Stereotactic body radiation therapy for stage I non-small cell lung cancer: The importance of treatment planning algorithm and evaluation of a tumor control probability model

Research output: Contribution to journalArticle

1 Citation (Scopus)

Abstract

Background: Stereotactic body radiation therapy (SBRT) is increasingly used to treat early-stage non-small cell lung cancer (NSCLC). A previous report introduced the term size-adjusted biologically effective dose (sBED), which accounts for tumor diameter and biologically effective dose (BED) and may be used to predict the likelihood of local control following SBRT. Here we seek to replicate those findings using a separate dataset. Methods and materials: We queried the RSSearch Patient Registry for patients treated with SBRT for stage I NSCLC. Kaplan-Meier survival curves, log-rank testing, and Cox proportional hazards modeling were used to evaluate tumor diameter, BED, and treatment planning algorithm as predictors of local control. sBED was defined as BED minus 10 times the tumor diameter (in centimeters). Tumor control probability (TCP) modeling was performed to characterize the relationship between sBED and the likelihood of local control 2 years after SBRT. Results: A total of 928 patients met inclusion criteria. Median BED was 115.5 Gy, and 59% of patients had T1 tumors. Local control rates following treatments planned using a pencil beam algorithm were inferior to those observed following treatments planned using a Monte Carlo algorithm (89% vs 96% at 2 years, log-rank P =.022). In a multivariable Cox model adjusted for tumor diameter and BED, the use of a pencil beam planning algorithm was associated with increased risk of local failure (hazard ratio, 2.39; 95% confidence interval, 1.08-5.29; P =.032). TCP modeling, restricted to patients treated using a Monte Carlo algorithm, demonstrated that sBED values of 60, 80, and 100 Gy yield predicted TCP rates of 91%, 95%, and 97%, respectively. Conclusions: Using a large, multi-institutional database, we found a strong association between treatment planning algorithm and local control rates following SBRT for early-stage NSCLC. sBED is a useful tool for predicting the likelihood of local control following SBRT in this setting.

Original languageEnglish (US)
Pages (from-to)e33-e39
JournalPractical Radiation Oncology
Volume8
Issue number2
DOIs
StatePublished - Mar 1 2018

Fingerprint

Non-Small Cell Lung Carcinoma
Radiotherapy
Neoplasms
Therapeutics
Kaplan-Meier Estimate
Proportional Hazards Models
Registries
Databases
Confidence Intervals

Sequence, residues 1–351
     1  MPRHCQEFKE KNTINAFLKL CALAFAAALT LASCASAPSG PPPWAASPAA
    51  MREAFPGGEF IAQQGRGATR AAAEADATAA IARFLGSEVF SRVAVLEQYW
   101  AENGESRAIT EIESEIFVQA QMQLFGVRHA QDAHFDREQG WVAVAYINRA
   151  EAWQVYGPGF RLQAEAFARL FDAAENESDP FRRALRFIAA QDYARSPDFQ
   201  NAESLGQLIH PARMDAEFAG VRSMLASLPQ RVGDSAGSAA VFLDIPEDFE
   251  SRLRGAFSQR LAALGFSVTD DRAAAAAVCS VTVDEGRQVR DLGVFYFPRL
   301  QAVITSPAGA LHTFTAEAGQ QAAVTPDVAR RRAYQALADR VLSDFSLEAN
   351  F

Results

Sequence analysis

ASJC Scopus subject areas

  • Oncology
  • Radiology Nuclear Medicine and imaging

Cite this

@article{93667c1da69849a296b133300a40cab8,
title = "Stereotactic body radiation therapy for stage I non-small cell lung cancer: The importance of treatment planning algorithm and evaluation of a tumor control probability model",
abstract = "Background: Stereotactic body radiation therapy (SBRT) is increasingly used to treat early-stage non-small cell lung cancer (NSCLC). A previous report introduced the term size-adjusted biologically effective dose (sBED), which accounts for tumor diameter and biologically effective dose (BED) and may be used to predict the likelihood of local control following SBRT. Here we seek to replicate those findings using a separate dataset. Methods and materials: We queried the RSSearch Patient Registry for patients treated with SBRT for stage I NSCLC. Kaplan-Meier survival curves, log-rank testing, and Cox proportional hazards modeling were used to evaluate tumor diameter, BED, and treatment planning algorithm as predictors of local control. sBED was defined as BED minus 10 times the tumor diameter (in centimeters). Tumor control probability (TCP) modeling was performed to characterize the relationship between sBED and the likelihood of local control 2 years after SBRT. Results: A total of 928 patients met inclusion criteria. Median BED was 115.5 Gy, and 59{\%} of patients had T1 tumors. Local control rates following treatments planned using a pencil beam algorithm were inferior to those observed following treatments planned using a Monte Carlo algorithm (89{\%} vs 96{\%} at 2 years, log-rank P =.022). In a multivariable Cox model adjusted for tumor diameter and BED, the use of a pencil beam planning algorithm was associated with increased risk of local failure (hazard ratio, 2.39; 95{\%} confidence interval, 1.08-5.29; P =.032). TCP modeling, restricted to patients treated using a Monte Carlo algorithm, demonstrated that sBED values of 60, 80, and 100 Gy yield predicted TCP rates of 91{\%}, 95{\%}, and 97{\%}, respectively. Conclusions: Using a large, multi-institutional database, we found a strong association between treatment planning algorithm and local control rates following SBRT for early-stage NSCLC. sBED is a useful tool for predicting the likelihood of local control following SBRT in this setting.",
author = "Nitin Ohri and Tome, {Wolfgang A.} and Shalom Kalnicki and Garg, {Madhur K.}",